Create jobs by rethinking our relationship with energy

Changing relationships with energy
Changing relationships with energy

EU Sustainable Energy Week’s focus on renewables supports a growing, job-creating sector in Europe. By encouraging us to rethink our relationship with energy, and by promoting further opportunities for renewables, Europe is creating social and economic value for everyone in the decades to come.

Ambitious objectives for resilient renewables

Europe’s strong targets for renewable energy are not just a question of principle; they also build more solid foundations for the renewable energy sector. This sector represents a growing share of our economy, and enables jobs to be created – jobs which cannot be outsourced – building up Member States’ economies with new companies. By setting ambitious medium-, long-, and very-long-term objectives, the European Commission is paving the way to a sustainable alliance between jobs and the environment, breaking down the lingering prejudice that environmental protection destroys jobs.

Specialist engineers in each region

Until recently, the technical specialists required to build or maintain renewable energy installations were a rare commodity. To develop renewable energy projects, Member States often had to import these people from neighbouring countries which are more advanced in this field, such as Germany or Austria. But in the last few years, each Member State has made enormous progress. Engineers – whether specialists in electromechanics, chemistry, acoustics, electricity, material physics or fluid management – are now available close to countries’ wind turbines, biomass development units, hydro-electric installations and photovoltaic installations. All this has been made possible thanks to the training and qualification efforts put in place by the respective regions.

Training technicians to return to work

In addition to engineers to create a renewables-based economy, the sector needs skilled technicians on the ground – specialists in data and information, maintenance, security and many other roles. The European Commission’s commitment to renewable energy has helped bring women and men (back) into sustainable work, including some who were leaving the jobs market. With the right training, these women and men can succeed in a secure role with a long career ahead of them. Renewable energy installations have a relatively long lifespan, allowing continuous, value-enhancing work that contributes to the financial security of employees and their communities.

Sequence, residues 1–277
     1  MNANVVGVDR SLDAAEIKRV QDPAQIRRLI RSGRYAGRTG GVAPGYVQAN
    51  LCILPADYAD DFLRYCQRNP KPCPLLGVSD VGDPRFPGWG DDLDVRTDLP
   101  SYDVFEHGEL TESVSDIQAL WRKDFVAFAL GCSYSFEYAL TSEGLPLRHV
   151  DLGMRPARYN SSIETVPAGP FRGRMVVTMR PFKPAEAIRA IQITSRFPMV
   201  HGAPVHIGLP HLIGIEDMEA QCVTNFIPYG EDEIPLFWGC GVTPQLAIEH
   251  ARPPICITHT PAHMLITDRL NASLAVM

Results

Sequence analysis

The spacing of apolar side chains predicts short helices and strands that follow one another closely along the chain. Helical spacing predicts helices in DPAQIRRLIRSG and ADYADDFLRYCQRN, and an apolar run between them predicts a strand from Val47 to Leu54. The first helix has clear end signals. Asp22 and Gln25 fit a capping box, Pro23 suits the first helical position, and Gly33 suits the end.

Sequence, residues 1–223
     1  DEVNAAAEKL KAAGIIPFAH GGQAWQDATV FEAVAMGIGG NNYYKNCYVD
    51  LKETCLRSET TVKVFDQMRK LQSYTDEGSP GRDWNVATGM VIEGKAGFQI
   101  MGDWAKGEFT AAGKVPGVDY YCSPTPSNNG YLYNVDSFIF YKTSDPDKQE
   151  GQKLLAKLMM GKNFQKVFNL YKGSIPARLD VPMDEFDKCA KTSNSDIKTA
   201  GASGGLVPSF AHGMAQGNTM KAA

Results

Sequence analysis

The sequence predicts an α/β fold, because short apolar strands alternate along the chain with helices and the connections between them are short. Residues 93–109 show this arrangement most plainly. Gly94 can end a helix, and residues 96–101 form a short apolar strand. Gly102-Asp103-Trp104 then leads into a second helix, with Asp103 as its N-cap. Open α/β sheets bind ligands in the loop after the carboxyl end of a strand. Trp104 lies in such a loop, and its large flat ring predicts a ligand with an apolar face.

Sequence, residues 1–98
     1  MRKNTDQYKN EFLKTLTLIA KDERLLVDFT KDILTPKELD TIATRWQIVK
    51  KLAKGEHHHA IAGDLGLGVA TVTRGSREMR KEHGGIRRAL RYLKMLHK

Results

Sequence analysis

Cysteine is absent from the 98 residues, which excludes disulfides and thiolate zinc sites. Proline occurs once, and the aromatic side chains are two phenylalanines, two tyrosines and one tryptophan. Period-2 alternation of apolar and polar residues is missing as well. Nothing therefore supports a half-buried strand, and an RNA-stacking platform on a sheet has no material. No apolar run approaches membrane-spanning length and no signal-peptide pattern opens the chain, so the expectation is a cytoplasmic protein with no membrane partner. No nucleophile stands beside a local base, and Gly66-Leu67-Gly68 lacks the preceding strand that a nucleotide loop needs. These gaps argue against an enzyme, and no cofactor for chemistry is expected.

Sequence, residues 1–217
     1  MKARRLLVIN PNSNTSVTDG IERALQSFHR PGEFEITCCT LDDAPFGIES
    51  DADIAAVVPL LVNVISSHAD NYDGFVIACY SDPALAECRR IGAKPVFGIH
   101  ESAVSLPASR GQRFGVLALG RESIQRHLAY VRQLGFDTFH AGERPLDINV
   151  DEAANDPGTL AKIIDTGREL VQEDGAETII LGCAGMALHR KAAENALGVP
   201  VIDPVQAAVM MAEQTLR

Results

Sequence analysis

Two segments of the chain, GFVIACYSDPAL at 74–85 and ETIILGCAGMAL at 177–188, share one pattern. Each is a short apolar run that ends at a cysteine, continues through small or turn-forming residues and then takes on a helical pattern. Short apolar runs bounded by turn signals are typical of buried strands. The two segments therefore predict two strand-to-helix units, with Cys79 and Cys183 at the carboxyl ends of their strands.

Jobs for people hit by the crisis

The labour market has gone through significant changes in recent times. Industries such as steel and even petrochemicals can no longer support as many engineers and technicians as they did in the past. Through its firm support for renewable energy and rational energy use, Europe gives these people the opportunity to continue working in a sector which values their knowledge and skills, consolidated through additional training on renewable energy issues. This paradigm shift also opens up new career opportunities and sources of income for diverse people such as town planners, legal experts, designers, farmers and others.

Training paths reconfigured by Member States

Public authorities have come into their own in training, whether centralised or decentralised, regional or local. New training paths have been implemented, creating bridges between academia and enterprise to produce the training that stakeholders want. Here, too, this process is often supported financially by Europe (in particular, through the European Structural and Investment Funds), in line with its belief that training ensures the future of both our planet and our economies.

More information

European energy and employment policies

EU Sustainable Energy Week

European Sustainable Energy Week is a month-long series of activities to build a secure energy future for Europe. It includes the EUSEW Policy Conference, Energy Days and Networking Village and the EU Sustainable Energy Awards.  Launched in 2006, EUSEW is organised by the Executive Agency for Small and Medium-sized Enterprises (EASME) in close cooperation with Directorate-General for Energy. It brings together public authorities, private companies, NGOs and consumers to promote initiatives to save energy and move towards renewables for clean, secure and efficient power.

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